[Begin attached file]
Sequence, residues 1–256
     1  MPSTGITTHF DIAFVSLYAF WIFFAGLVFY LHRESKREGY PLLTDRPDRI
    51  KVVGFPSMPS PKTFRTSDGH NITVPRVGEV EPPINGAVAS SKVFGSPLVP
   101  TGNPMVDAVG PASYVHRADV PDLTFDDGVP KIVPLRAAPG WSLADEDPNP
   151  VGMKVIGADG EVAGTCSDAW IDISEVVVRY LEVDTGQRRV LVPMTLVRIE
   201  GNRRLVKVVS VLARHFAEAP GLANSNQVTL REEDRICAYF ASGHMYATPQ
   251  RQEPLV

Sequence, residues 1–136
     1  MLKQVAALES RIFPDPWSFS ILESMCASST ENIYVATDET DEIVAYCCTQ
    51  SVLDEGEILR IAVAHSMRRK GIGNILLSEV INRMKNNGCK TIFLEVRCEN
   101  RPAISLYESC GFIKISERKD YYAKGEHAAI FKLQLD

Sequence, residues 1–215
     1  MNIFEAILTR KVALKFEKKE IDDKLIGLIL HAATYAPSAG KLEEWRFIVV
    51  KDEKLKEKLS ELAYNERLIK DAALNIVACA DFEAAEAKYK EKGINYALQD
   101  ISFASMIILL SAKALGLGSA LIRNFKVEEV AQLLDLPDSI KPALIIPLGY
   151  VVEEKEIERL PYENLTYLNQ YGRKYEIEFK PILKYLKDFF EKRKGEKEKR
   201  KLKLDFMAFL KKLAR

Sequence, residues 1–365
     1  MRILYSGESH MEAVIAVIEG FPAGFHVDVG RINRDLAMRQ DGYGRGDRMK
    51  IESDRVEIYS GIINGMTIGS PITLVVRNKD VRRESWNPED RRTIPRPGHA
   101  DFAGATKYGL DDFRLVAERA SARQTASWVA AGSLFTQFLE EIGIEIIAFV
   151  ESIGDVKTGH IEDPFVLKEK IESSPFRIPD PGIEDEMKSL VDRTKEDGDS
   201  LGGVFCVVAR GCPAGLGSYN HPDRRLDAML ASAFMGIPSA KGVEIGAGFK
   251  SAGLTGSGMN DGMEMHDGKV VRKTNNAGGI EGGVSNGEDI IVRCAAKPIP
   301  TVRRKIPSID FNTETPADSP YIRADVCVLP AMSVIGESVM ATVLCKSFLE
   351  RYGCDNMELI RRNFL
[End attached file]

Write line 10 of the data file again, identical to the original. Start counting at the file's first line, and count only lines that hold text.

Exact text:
    51  SVLDEGEILR IAVAHSMRRK GIGNILLSEV INRMKNNGCK TIFLEVRCEN